We might instead take the phrase 'uninterpreted reality' to mean 'reality considered separately from any interpretational or conceptual apparatus'. Then surely this can include chairs, tables, and the rest of it. ('Considered separately from interpretational or conceptual apparatus' obviously doesn't mean 'considered without recourse to any interpretational or conceptual apparatus'.) So this doesn't seem to be what Davidson means, either.

Regarding the phrase 'something outside all schemes and science': isn't the desk I am working at now outside all schemes and science? Surely my desk is not inside a conceptual scheme, or inside science (whatever that means).
The following passage from Rorty, who enthusiastically embraced Davidson's critique of the idea of conceptual schemes, gives us more to work with:
The notion of 'the world' as used in a phrase like 'different conceptual schemes carve up the world differently' must be the notion of something completely unspecified and unspecifiable - the thing in itself, in fact. A soon as we start thinking of 'the world' as atoms and the void, or sense data and awareness of them, or 'stimuli' of a certain sort brought to bear upon organs of a certain sort, we have changed the name of the game. For we are now well within some particular theory about how the world is.
(Rorty 1982, p. 14.)
I deny the first assertion. The notion works like this: we use our conceptual schemes and understand there to be chairs, tables, numbers, quarks, experiences, concepts and schemes thereof. Then we form an idea of different schemes carving up the world differently. Here, our idea of the world is still our idea of the world, i.e. an idea of something which contains chairs, tables, numbers, quarks, experiences, concepts and schemes (among who knows what else).

In a strange way, Davidson and Rorty seem to make the very mistake they appear to be warning against. In saying queer things about 'uninterpreted reality', they try to identify a thing we can't say anything about. Or: they try to give the content of a notion they want to criticize, but in so doing they only embroil themselves in the confusion which bothers them. It is this confusion, I believe, which leads Davidson and Rorty to loudly and violently reject the idea of a conceptual scheme. They reached for the saw; I suggest we consider a scalpel.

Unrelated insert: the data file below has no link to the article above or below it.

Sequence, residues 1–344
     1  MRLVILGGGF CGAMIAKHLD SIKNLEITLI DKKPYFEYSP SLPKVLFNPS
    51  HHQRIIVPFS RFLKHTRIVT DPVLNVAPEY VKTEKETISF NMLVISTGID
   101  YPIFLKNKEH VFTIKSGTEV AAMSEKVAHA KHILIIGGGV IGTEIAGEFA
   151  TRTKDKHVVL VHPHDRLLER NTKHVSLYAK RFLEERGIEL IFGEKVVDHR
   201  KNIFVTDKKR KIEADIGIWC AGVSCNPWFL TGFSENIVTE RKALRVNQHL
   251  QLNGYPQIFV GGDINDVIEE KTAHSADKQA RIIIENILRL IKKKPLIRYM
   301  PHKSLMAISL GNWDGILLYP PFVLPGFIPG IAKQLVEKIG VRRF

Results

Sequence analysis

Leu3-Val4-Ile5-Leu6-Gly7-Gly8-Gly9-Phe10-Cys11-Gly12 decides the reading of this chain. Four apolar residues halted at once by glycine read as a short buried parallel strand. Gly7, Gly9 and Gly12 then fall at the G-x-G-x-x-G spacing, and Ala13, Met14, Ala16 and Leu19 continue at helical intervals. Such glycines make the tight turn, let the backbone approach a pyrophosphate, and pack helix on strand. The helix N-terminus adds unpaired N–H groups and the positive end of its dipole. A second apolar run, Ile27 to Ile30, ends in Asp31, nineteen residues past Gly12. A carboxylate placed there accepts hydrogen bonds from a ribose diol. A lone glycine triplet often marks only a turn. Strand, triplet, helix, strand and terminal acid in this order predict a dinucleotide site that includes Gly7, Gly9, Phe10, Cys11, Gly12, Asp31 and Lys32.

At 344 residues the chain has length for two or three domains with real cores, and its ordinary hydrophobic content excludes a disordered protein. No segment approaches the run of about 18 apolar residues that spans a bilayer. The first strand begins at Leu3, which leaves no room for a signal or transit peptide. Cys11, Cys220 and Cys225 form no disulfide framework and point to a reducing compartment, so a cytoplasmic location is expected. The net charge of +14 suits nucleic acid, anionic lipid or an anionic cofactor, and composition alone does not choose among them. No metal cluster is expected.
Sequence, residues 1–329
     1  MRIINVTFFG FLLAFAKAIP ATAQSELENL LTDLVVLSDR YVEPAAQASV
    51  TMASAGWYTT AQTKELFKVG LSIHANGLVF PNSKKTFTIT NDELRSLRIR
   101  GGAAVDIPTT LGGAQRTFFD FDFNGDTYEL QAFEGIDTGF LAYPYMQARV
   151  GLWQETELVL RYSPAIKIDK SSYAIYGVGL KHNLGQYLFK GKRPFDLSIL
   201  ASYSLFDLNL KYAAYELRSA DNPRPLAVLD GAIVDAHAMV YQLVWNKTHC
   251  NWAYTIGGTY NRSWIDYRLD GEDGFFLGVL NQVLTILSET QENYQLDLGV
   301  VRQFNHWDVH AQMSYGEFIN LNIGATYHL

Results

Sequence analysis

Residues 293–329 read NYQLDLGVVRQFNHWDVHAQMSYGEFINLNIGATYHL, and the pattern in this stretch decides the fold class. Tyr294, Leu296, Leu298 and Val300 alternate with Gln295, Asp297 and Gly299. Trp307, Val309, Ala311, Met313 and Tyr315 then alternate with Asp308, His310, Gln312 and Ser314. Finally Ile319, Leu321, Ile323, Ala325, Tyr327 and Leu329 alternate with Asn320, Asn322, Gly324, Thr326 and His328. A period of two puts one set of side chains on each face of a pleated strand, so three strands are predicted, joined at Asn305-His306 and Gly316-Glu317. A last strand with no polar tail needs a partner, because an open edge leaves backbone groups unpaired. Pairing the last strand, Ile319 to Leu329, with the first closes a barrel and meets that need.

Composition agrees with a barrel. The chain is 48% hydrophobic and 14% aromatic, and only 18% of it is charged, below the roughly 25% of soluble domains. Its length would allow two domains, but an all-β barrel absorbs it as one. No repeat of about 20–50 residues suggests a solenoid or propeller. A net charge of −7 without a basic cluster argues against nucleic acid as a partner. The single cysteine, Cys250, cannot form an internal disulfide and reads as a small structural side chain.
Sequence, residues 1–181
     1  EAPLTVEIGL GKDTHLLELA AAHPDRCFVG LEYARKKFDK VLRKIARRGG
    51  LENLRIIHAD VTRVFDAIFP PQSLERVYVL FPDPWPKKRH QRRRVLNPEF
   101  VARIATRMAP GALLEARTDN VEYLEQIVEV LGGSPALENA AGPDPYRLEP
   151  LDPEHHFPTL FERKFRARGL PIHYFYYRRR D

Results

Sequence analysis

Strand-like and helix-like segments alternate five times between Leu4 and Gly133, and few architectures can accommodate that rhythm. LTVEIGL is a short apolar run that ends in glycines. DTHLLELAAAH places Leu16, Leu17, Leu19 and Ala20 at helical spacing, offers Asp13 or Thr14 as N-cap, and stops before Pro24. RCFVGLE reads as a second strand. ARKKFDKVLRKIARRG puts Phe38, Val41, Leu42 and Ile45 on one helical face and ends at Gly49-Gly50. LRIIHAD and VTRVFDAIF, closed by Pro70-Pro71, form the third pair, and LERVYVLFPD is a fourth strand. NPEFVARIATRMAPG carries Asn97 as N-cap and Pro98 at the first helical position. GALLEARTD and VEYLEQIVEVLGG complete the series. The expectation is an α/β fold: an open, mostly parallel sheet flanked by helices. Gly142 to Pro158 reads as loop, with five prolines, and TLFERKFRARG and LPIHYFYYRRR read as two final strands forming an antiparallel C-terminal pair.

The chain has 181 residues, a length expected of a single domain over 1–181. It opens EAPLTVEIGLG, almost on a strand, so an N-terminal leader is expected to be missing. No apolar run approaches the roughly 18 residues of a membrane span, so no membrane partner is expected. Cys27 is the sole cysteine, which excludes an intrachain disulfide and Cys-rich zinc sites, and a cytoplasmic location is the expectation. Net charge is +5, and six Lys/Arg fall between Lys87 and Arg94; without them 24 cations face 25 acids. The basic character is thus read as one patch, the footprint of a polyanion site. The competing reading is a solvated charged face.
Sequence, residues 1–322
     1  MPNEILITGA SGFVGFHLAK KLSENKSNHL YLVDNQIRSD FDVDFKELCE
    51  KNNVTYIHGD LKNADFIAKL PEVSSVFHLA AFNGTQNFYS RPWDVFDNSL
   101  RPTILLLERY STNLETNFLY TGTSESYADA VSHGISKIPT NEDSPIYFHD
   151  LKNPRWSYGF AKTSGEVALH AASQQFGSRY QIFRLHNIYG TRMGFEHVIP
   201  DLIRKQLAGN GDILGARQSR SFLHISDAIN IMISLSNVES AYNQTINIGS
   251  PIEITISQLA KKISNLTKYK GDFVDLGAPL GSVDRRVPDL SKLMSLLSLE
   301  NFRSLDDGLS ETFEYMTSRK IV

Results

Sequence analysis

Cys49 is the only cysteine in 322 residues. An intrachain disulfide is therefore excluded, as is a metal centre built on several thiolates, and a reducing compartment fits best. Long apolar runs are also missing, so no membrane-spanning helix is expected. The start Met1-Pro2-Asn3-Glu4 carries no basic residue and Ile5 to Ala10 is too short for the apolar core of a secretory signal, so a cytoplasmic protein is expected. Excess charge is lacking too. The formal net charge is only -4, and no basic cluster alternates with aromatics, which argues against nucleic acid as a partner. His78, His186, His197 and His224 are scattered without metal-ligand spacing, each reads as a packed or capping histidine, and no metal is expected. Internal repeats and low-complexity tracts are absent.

Tristan Haze


Davidson, D. 1974. 'On the Very Idea of a Conceptual Scheme', Proceedings and Addresses of the American Philosophical Association, Vol. 47, pp. 5-20.

The above reprinted 1984 in Donald Davidson (ed.), Inquiries Into Truth and Interpretation. Oxford: Oxford University Press.

Rorty, R. 1982. 'The World Well Lost', Consequences of Pragmatism, Minneapolis: University of Minnesota Press.

Monday 10 October 2011

Deduction and the Necessary A Posteriori

Consider: There is a cat here, therefore there is an animal here.

Assuming we want to say that this inference is valid in some sense, here are three things we might say about it:

1) It is an elliptical argument, involving an unarticulated premise, namely that cats are animals.

2) It is an enthymematic or gappy argument, involving unarticulated reasoning.

3) It is a complete argument in itself - neither (1) nor (2) is the case.

On the first approach, the deduction is clearly a priori. But this is not the only possible attitude. While the belief that cats are animals could conceivably be overturned by experience, it is arguably not a contingent fact that all the cats around are animals (cf. Kripke 1980). So rather than regarding this as part of the matter being reasoned from, we might regard it as part of the deductive apparatus.

Thus, on the second interpretation, we might regard the move from 'cat' to 'animal' as being licensed by an unarticulated principle of reasoning (which may be expressed in the form of an inference rule, or an axiom such as 'All cats are animals'). Or we might resist even this, and say that nothing is unarticulated - perhaps still allowing that the argument can be justified by the principles of reasoning which are held to be unarticulated on the second interpretation.

Note how natural these latter two approaches are; there does seem to be some sense in which the conclusion follows from the single articulated premise. Note also that the argument by itself satisfies the natural (admittedly problematic) modal characterization of validity, if we take the relevant modality to be subjunctive or metaphysical modality ("what could have been the case") rather than a priori possibility or epistemic modality ("what could be the case"): it could not have been the case that there was a cat here yesterday but no animal here yesterday.